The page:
Wielder of the Bow of Banishment. Admin Team Point Of No Return Posts: 30,885 El Presidente del Fan Club Micky D
Re: An Old New Wave: a restoration project (pic heavy)
« Reply #1 on: May 01, 2013, 09:23:53 AM »
Great job mate. :salute:  I really like the tool selection as well. :)

Hero Member Posts: 582
Re: An Old New Wave: a restoration project (pic heavy)
« Reply #2 on: May 01, 2013, 09:32:54 AM »
Excellent. I like restauration jobs. And you showed good skills and patience.
Absolutely No Life Club Posts: 5,581 Τετραφάρμακος
Re: An Old New Wave: a restoration project (pic heavy)
« Reply #3 on: May 01, 2013, 09:45:57 AM »
I wonder, how many times was that blade sharpened. And what did he used his serrated blade for. Cutting granite blocks?
Hero Member Posts: 582
Re: An Old New Wave: a restoration project (pic heavy)
« Reply #4 on: May 01, 2013, 09:53:37 AM »
That blade shows typical problem having no gap at the end the blade. l

Missing that gap will result in curved blades after some sharpening iterations.

I allways wonder, why such straight blades ending without a gap directly into the handle still are produced.
In Memoriam Full Member Posts: 157
Re: An Old New Wave: a restoration project (pic heavy)
« Reply #5 on: May 01, 2013, 02:35:31 PM »
A job well done there buddy  :tu: :cheers:
Zombie Apprentice Posts: 18,714 Whiskey Tango Foxtrot, over.
Re: An Old New Wave: a restoration project (pic heavy)
« Reply #6 on: May 01, 2013, 04:04:09 PM »
Very nice job you done there.

sent from Ducttapetech's roaming device


Nate

Foxtrot Foxtrot Sierra
Jr. Member Posts: 65
Re: An Old New Wave: a restoration project (pic heavy)
« Reply #7 on: May 01, 2013, 06:42:17 PM »
Excellent work on the restoration. That Wave was incredibly depressing when you first got it. This shows what can happen when you don't give up on an old tool.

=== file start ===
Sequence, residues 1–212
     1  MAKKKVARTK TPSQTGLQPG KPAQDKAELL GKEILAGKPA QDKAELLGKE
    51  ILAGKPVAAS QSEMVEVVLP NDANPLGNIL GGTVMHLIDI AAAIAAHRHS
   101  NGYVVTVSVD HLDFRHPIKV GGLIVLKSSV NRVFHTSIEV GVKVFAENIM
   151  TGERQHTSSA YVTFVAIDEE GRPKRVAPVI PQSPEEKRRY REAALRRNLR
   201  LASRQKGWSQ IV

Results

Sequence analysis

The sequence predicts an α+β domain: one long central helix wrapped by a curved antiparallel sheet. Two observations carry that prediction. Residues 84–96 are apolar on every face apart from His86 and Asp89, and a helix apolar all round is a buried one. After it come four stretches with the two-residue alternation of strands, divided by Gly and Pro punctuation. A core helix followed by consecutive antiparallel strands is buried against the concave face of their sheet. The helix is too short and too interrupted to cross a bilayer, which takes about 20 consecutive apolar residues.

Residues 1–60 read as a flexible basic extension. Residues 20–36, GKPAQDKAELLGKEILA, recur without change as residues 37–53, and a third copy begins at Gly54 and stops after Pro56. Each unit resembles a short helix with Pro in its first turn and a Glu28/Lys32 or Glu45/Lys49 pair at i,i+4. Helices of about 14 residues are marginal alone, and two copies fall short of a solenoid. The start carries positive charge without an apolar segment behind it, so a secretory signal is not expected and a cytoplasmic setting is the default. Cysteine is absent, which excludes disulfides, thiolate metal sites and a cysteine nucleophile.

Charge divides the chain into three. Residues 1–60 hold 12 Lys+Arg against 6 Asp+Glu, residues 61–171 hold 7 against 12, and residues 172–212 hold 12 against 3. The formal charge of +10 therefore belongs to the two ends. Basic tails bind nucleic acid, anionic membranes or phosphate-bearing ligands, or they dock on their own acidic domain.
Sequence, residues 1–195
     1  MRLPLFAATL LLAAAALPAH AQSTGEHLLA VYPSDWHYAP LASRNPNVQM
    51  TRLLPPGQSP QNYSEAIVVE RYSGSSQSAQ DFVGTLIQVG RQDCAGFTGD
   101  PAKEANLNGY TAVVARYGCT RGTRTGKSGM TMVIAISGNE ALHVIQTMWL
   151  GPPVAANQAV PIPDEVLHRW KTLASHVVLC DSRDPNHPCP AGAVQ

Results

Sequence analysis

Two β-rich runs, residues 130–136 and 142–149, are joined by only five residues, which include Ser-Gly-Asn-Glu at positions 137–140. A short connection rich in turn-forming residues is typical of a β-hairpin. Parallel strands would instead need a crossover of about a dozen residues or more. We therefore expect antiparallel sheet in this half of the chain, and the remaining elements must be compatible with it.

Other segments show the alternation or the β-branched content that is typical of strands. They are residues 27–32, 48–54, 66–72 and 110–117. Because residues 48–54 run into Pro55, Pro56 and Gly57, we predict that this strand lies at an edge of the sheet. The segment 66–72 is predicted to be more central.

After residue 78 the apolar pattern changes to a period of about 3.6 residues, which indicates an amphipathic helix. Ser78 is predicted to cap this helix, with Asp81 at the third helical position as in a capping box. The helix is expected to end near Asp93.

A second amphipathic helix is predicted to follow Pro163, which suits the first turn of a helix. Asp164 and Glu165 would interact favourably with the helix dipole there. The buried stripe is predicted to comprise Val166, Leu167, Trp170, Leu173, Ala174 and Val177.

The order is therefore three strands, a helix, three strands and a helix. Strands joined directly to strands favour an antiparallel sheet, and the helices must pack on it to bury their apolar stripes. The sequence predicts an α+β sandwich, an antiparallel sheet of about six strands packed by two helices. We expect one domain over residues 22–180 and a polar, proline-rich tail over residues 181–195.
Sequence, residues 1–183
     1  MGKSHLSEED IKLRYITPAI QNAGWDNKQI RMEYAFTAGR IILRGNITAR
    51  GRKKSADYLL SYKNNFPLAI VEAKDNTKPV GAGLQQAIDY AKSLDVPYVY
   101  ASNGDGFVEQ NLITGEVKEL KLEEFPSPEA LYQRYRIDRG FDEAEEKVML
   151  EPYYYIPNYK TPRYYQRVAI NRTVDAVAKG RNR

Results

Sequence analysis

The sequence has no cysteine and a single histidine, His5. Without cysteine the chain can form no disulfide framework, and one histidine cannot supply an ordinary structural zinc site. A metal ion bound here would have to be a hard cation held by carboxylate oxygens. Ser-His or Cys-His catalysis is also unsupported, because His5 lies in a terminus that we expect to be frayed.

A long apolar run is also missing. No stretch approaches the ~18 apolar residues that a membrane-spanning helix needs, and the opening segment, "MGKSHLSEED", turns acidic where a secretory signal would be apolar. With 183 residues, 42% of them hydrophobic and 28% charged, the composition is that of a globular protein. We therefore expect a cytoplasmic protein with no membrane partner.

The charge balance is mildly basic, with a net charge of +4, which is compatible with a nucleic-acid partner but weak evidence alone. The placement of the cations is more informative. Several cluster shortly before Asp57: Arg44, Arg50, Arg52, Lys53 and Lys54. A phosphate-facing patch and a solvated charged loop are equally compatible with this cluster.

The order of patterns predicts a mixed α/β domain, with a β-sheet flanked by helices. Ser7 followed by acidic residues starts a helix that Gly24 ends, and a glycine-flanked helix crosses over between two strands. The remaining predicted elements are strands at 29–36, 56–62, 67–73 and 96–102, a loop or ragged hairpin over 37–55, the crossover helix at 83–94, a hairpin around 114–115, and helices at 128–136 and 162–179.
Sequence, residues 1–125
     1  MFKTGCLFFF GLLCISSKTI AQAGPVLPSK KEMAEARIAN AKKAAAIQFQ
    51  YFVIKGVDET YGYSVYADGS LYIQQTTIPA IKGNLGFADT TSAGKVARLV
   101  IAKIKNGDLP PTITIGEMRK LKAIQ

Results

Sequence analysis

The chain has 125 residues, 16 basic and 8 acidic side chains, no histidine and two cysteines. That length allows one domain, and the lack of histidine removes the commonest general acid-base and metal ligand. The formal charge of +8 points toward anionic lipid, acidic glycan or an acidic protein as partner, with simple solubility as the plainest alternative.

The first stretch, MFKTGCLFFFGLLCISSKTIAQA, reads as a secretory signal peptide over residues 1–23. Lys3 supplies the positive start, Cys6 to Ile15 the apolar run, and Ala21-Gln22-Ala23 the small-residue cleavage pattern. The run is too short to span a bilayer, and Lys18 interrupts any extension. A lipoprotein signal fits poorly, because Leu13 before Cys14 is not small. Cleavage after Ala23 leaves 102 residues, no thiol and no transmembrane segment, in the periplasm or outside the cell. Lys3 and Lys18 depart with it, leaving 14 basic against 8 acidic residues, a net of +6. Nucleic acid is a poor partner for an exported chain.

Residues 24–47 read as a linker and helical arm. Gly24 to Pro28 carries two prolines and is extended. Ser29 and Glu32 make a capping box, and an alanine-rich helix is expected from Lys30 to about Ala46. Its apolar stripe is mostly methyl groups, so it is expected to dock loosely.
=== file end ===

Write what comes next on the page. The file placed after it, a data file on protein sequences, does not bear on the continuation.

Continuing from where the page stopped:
Well done, sir.  :cheers:
No Life Club Posts: 2,026
Re: An Old New Wave: a restoration project (pic heavy)
« Reply #8 on: May 01, 2013, 07:19:16 PM »
thanks everyone!  :cheers:  with all the time and effort that was invested in this project, I definitely take pride in the end result.  :)

Great job mate. :salute:  I really like the tool selection as well. :)

thanks Gareth!  I know there are plenty of folks who prefer the original Wave tool selection (many don't like the bit drivers), so I figured this tool selection would have some fans.  :)

I wonder, how many times was that blade sharpened. And what did he used his serrated blade for. Cutting granite blocks?

my first thought was that the serrated blade was used for cutting the mortar out from in between bricks.  :facepalm:

Excellent work on the restoration. That Wave was incredibly depressing when you first got it. This shows what can happen when you don't give up on an old tool.

Well done, sir.  :cheers:

when I first got my hands on it, this was the only tool I had ever handled where I felt like I needed to wash my hands after simply opening/closing some of the tools.  it literally turned my fingers black the first few times.  but it's a different story now -- you might end up with a little oil residue on your hands, but that's about it.  :)
No Life Club Posts: 2,771
Re: An Old New Wave: a restoration project (pic heavy)
« Reply #9 on: May 01, 2013, 08:57:34 PM »
What did someone do to that main blade?! Good restoration :tu:
No Life Club Posts: 2,015
Re: An Old New Wave: a restoration project (pic heavy)
« Reply #10 on: May 02, 2013, 12:12:11 AM »
sharpened with an angle grinder?

I'm glad it's gone to a home where it's been shown some love!
Absolutely No Life Club Posts: 8,723 The MTO handshake.
Re: An Old New Wave: a restoration project (pic heavy)
« Reply #11 on: May 02, 2013, 05:27:48 AM »
Nice one mate  :salute: :salute:

I like the upgraded on the PE blade too mate  8) 8) 8)


"Downunder Mod (that sounds dirty, doesn't it?)"
Yeh Baby :P >:D >:D
Absolutely No Life Club Posts: 6,243 I don't LIKE anything!i!¡!¡!¡!
Re: An Old New Wave: a restoration project (pic heavy)
« Reply #12 on: May 02, 2013, 07:27:41 AM »
Nice work on the restoration :tu:

Dear Leatherman......................
 

Terry
Jr. Member Posts: 87
Re: An Old New Wave: a restoration project (pic heavy)
« Reply #13 on: May 05, 2013, 11:07:41 PM »
Really well  done with this restoration.. :tu: